Now let’s talk location. All this magic is pretty much smack in the middle of our fair city, located in the heart of Portland, at 116 SE 28th Avenue, between Ash and Pine, nestled into the lush overgrowth of an old nursery. Holiday is in good company adjacent to and sharing the old nursery of Artemisia Gallery and Terrarium shop, which is another of Portland’s unique treasures all on its own, but I must say these two businesses compliment each other in so many ways. The setting for Holiday is incredible. Preceding the cart is a small tea patio and mini pathways winding amidst bamboo and fragrant floral greenery (come springtime that is). There could not be a more perfect location and setting for such a unique display of commerce.
Portland’s latest sensation in nonprofit small business lending has captured the attention and affections of some heavy-hitting business names.
In just 18 months, the Albina Opportunities Corp., working with such other groups as Mercy Corps [Northwest] and the Small Business Administration, has issued 15 loans ranging from $10,000 to $150,000. Its future loans will allow borrowers to collect up to $200,000.
The group, a nonprofit business development organization that provides smaller business entrepreneurs access to capital, averages about $83,000 per loan.
In 2005, I made a five year plan to own my own catering company. I graduated from culinary school in 2007. In 2008 a major incident of domestic violence left me a single mother of three boys. The struggling economy in 2009 led to the loss of my job as a catering chef. My five year plan seemed to come to a halt. I began to look at the food cart movement in Portland as an option to follow my dream in spite of my circumstances. After a good year of recipe development and market research, The Gaufre Gourmet was born!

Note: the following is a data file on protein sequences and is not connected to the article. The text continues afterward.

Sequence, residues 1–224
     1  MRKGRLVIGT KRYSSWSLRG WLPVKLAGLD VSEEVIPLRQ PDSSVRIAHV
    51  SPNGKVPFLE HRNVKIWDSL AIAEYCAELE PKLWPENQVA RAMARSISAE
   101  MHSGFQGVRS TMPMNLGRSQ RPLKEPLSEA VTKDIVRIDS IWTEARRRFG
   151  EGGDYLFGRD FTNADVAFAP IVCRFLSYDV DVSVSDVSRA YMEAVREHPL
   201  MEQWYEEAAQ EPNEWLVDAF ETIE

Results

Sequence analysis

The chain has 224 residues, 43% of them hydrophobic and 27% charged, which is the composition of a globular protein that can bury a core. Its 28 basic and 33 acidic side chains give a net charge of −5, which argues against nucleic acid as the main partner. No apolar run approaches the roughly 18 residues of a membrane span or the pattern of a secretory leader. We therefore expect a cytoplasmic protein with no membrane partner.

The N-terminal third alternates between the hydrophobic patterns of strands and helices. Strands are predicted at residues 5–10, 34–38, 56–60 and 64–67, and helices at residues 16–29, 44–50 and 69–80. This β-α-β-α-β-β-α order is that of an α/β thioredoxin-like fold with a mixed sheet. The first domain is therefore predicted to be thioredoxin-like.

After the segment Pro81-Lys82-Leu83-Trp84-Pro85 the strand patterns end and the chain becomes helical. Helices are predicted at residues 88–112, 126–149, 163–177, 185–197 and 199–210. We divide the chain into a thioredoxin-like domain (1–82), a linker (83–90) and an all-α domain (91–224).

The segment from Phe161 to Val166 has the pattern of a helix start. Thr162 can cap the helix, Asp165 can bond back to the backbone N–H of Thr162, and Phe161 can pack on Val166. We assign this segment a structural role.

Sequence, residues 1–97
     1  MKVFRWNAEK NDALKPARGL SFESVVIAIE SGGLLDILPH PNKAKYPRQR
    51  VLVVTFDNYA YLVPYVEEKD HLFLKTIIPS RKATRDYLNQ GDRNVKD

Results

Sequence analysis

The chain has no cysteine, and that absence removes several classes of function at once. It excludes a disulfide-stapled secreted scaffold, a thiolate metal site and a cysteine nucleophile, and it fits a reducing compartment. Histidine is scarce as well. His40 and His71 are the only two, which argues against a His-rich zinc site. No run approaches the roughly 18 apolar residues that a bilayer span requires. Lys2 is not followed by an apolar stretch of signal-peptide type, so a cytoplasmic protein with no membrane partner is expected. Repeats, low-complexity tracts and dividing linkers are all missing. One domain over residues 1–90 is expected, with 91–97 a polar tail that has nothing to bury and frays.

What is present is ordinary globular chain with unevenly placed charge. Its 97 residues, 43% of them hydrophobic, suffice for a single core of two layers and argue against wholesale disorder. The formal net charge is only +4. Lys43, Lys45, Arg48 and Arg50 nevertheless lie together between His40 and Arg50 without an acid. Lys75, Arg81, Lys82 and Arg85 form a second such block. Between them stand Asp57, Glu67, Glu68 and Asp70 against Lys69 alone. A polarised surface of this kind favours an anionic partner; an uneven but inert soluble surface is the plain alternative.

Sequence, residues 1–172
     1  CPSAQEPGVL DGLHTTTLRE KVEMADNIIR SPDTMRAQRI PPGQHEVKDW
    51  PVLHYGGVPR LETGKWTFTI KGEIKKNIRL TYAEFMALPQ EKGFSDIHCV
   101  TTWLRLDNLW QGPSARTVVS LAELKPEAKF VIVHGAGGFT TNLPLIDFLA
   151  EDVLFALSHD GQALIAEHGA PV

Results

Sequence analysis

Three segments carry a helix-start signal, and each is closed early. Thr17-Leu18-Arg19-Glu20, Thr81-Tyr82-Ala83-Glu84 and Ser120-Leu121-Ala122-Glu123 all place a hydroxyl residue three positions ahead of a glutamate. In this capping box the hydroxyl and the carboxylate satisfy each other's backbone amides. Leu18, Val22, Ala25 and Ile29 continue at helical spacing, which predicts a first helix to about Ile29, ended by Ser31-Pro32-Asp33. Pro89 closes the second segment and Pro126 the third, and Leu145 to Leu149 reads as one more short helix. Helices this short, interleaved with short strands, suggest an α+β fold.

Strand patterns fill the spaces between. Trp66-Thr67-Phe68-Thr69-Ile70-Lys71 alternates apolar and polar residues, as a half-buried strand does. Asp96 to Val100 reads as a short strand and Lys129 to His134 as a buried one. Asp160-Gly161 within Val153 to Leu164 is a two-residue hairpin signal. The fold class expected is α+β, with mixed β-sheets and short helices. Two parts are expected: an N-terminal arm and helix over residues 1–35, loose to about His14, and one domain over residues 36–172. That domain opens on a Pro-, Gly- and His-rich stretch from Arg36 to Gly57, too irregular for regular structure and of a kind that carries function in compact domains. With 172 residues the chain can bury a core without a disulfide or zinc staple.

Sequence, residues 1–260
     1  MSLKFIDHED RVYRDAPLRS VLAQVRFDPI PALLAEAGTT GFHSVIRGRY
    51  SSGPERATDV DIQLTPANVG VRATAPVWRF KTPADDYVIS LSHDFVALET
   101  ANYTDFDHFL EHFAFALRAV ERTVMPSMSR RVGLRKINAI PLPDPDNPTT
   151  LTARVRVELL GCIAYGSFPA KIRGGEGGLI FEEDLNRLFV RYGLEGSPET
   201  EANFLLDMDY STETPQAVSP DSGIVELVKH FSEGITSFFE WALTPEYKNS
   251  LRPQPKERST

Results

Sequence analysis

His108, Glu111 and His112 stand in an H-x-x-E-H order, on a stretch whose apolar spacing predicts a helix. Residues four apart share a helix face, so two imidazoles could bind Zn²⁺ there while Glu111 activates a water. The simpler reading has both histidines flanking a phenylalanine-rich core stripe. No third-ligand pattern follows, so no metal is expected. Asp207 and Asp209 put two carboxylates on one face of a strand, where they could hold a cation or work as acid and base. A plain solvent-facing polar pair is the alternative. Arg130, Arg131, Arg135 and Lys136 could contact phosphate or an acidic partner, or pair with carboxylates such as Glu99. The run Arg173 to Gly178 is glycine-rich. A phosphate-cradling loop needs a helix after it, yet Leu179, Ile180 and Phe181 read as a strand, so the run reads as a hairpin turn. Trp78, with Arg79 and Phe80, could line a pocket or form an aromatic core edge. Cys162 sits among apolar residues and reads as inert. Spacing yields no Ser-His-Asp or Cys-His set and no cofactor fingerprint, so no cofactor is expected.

Greatest Challenges: My greatest challenge is balancing work, family and school. Any startup business requires a lot of time, this proves for difficulty in daily scheduling. It is a great challenge to make sure everyone is in the right place at the right time.
Greatest Reward: My biggest reward is the reaction I get when people try a waffle! Their eyebrows rise in a surprised excitement after they take a bite and then all I hear is mmmmmm! It is priceless.
<excerpted from The Oregonion>
A major quandary facing planners and economic developers is how to help talented young creative types who’ve moved to Portland for its laid-back, artsy feel make money at the same time they’re making stuff.
Cassie Ridgway is only 23, a couple of months removed from earning a degree in poetry — not the most practical specialty when it comes to monetizing your work — at Portland State. Yet she’s come up with a model that could be as good as anything the professional big thinkers have found so far.
Her new store, Mag-Big, sells art, like a lot of boutiques. But unlike many others, Mag-Big sells nothing but Portland art. Dresses. Vases. Paintings. Soap. Wood carvings. Purses. Mosaics. Earrings. Potholders. Plush dolls. Ski caps. Aprons. Whatever local craftspeople make, she sells out of a historic Hawthorne Boulevard house split between Mag-Big and three other businesses. Artists can rent shelf space or sell by consignment.
Will the venture, open since October, work? We should all hope so. Part of what makes Portland special is the influx of creative talent the city has seen in the past decade. But making a living producing art is a constant scramble for all but the most successful and renowned. Portland’s push to become a hub for artists won’t matter — and will eventually peter out — if those creative people cannot afford to buy a house or raise children here. Scoff at the do-it-yourself crowd if you want, but we need their talents and their tax dollars…